Don’t climb because it’s good for you; climb because it gives you a feeling of being alive. This phrase gives us a basic understanding of motivation that we need for sustaining us when climbing. We don’t climb because we benefit by the physical and mental exercise; we climb because it makes us feel alive.

Our lives are an expression of our energy. Motivation essentially is our energy flowing through us. We need to live our lives through some activity that gives our energy expression. For many of us that’s climbing. Through climbing our energy can flow.

Chris Sharma is someone who seems motivated this way. When he talks about motivation, he says that he doesn’t force it. He pays attention to how he feels about climbing. If he doesn’t feel like climbing then he doesn’t go. If he feels like bouldering then he’ll go bouldering. He doesn’t force himself to climb. His energy can express itself in a timely manner through climbing. 

I mentioned Rainer Rilke, the German writer and teacher, in the last lesson. He told his confused student to “Write only if you have to.” His answer to the student instructs us to identify what activity resonates within us so our energy can be expressed. We write only if we feel we have to in order to live a fulfilling life. 

I’ve used a key word in the previous paragraphs: feel. If we determine our motivation by logical thinking, and can verbalize it, then our motivation tends to be focused on end results. We’re motivated because we think about achieving a specific difficulty grade or specific climb. If we don’t know why we want to climb, we just feel we have to, then our motivation tends to be focused on processes. We’re motivated because of the climbing process itself. 

Understanding the distinction between thinking- and feeling-based motivations is important. Thinking-based, end result motivation is achieved after stressful climbing. Therefore, it’s comfort based. Feeling-based, process motivation is achieved during stressful climbing. Therefore, process motivation values stress. Our motivation must move us into and through stressful climbing. If we’re motivated by attaining an end result then our motivation won’t be as powerful as it would be if we’re motivated by the climbing process itself.

So how do we know when motivation is process- or end result-based? And, does end result motivation play any role that is beneficial? First, identifying specific end results helps guide our actions and the application of our energy. But, the end result needs to primarily motivate us because of the challenge it provides, and secondarily motivate us by achieving the end result. This hierarchy positions process motivation as more important than end result motivation and allows our energy full expression.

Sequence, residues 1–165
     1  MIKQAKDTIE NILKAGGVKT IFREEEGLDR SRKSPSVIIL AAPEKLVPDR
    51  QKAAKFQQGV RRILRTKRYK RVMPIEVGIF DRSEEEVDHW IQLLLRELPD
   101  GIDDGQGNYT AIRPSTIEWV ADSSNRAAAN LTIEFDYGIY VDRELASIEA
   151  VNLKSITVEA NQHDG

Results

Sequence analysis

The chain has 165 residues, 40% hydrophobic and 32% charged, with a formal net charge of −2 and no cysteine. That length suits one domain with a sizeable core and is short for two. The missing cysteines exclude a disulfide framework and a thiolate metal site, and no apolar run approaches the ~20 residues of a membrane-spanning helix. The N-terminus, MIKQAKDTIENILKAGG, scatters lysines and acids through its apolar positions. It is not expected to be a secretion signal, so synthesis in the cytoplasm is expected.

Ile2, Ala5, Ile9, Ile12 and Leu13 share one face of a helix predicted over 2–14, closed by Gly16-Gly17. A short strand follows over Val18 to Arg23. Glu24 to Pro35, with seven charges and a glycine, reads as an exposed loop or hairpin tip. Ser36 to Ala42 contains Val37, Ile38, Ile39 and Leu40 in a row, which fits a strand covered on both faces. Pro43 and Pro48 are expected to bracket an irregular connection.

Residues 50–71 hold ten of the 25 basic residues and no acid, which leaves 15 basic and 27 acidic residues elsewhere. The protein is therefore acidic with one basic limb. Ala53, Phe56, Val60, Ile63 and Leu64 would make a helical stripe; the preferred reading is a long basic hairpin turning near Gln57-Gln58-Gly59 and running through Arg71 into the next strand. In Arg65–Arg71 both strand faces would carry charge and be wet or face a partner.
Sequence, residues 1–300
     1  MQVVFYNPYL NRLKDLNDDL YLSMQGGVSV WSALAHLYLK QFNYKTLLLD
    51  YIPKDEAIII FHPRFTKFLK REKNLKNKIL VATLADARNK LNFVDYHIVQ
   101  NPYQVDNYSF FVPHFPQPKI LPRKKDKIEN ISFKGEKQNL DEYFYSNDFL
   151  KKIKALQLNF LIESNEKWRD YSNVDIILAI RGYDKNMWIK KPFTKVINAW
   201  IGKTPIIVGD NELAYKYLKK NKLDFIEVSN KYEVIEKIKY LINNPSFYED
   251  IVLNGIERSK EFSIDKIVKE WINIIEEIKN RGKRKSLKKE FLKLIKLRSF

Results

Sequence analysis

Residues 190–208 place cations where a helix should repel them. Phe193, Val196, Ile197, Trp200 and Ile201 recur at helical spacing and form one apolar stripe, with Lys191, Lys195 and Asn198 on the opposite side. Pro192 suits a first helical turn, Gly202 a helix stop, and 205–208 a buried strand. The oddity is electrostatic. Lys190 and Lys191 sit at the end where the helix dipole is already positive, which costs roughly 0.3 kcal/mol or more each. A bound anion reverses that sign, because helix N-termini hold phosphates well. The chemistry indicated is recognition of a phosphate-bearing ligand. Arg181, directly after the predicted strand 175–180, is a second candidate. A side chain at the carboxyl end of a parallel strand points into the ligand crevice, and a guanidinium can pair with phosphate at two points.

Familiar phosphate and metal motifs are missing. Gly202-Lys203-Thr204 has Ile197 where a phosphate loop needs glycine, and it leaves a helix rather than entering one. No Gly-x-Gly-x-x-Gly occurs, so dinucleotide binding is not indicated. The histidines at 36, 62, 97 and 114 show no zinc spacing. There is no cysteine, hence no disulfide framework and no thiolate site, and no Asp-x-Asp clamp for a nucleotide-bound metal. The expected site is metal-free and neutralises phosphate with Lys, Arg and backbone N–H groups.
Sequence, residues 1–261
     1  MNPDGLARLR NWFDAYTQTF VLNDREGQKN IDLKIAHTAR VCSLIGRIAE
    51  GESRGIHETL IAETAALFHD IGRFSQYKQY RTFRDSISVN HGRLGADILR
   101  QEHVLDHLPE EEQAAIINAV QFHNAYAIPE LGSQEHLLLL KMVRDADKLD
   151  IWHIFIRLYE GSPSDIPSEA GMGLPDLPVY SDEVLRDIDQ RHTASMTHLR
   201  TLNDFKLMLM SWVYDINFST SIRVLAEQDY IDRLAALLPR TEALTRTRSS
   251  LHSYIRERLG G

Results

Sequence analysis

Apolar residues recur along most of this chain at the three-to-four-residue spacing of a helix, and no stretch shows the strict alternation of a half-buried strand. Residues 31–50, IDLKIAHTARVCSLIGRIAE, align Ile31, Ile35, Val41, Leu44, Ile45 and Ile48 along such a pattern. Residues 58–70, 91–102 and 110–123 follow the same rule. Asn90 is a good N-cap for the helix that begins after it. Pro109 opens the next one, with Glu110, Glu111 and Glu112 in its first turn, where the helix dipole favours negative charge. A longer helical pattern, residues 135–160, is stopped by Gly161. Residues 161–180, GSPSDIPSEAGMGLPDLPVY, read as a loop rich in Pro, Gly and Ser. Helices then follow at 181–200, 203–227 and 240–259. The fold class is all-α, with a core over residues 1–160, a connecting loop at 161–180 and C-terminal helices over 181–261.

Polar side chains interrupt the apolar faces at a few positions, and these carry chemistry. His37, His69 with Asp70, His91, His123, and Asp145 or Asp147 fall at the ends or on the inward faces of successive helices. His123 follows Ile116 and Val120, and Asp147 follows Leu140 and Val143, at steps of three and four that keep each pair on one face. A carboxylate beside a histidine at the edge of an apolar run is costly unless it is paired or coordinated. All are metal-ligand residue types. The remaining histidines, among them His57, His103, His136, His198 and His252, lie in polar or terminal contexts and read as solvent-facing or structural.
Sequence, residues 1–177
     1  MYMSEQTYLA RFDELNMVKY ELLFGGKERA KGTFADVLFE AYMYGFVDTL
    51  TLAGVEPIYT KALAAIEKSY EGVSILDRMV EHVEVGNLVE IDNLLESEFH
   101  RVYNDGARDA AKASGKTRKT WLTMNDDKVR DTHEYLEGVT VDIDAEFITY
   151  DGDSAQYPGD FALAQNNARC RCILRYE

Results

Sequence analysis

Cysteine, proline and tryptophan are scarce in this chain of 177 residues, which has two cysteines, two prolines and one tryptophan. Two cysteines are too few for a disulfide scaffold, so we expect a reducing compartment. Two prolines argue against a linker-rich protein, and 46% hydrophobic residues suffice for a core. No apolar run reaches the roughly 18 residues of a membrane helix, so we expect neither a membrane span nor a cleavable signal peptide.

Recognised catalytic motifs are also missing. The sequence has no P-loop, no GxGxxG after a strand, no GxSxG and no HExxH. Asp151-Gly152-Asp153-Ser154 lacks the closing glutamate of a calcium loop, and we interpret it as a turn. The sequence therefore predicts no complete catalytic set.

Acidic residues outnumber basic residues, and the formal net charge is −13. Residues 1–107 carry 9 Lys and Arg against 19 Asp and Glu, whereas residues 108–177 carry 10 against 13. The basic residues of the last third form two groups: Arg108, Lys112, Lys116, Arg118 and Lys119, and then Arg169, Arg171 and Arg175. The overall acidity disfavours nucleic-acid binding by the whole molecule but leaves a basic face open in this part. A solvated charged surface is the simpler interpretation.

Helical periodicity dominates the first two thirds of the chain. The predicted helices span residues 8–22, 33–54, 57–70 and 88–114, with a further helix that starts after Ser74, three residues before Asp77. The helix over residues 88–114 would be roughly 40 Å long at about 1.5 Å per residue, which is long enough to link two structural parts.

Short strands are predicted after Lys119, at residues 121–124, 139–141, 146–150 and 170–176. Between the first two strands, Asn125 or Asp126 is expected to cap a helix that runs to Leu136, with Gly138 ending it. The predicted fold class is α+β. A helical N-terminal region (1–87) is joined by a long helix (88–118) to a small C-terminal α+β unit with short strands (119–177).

Second, we need to pay attention to our resistance to stress. Do we resist engaging stressful climbing due to the mind’s thought-intensive mental activity, or is it more feeling based, which originates from the body? The mind tends to circumvent stress and seek comfort. This tendency manifests itself in thought-intensive dialogue. One part of the mind is thinking about engaging stress and one part of the mind is thinking about resisting it. 

Resistance originating from the body is based on our past experience as weighed against the level of stress we now face. Too much resistance means we’re pushing too far into stress and we need to pay attention to it for taking appropriate risks. 

Finally, we need to understand that motivation is cyclical. Even when we’re motivated by feeling-based processes, we don’t stay motivated all the time. Going sport climbing may be appropriate when viewed in the context of an appropriate risk, but we may not enjoy it because we’ve been doing it too long. Life works in cycles and when we sport climb exclusively we begin to get burned out and miss other types of climbing.

If Sharma feels motivated to go bouldering, then he goes bouldering. If his motivation shifts toward sport climbing, then he goes sport climbing. He’s paying attention to the cyclical nature of his motivation and the need for his energy to express itself.

When you understand your motivation and your energy this way you’ll enjoy climbing more. You’ll also feel alive because your energy is being expressed through an activity you’ve chosen. You can’t explain why you’re motivated one day and not the next. Rather, you pay attention to how your energy is directing you on any given day.

Practice Tip: Don’t Burn Out

Are you losing your motivation for climbing, or an activity you’ve chosen for the expression of your energy? Consider these questions to allow your energy to flow:

  • How long have you been doing the activity?
  • Have you cycled between the activity and time away from it?
  • Have you stayed within one discipline, such as sport climbing or bouldering, too long without cycling into a different discipline?
  • What do you feel like doing today?

This Post Has 2 Comments

  1. Kai Ewert

    What is your take on motivation coming from the enjoyment of a certain degree of mastery, maybe an unconscious drive to look for the flow state? I have experienced both the motivation by end results and by the challenge and the process, but I also feel that just the pure enjoyment of climbing is something that at times is the main motivator…

    1. Arno

      There are these two basic motivations, for achievement and for the joy of doing something. We actually need both. The goal we want to achieve gives us inspiration, vision, and direction. Then the joy of doing it keeps our attention in the moment as we move in the direction of our goals. I think the main point is making sure we’re motivated per where we are: before action, when we think of inspiring goals; during action when we enjoy the engagement for its own sake. a

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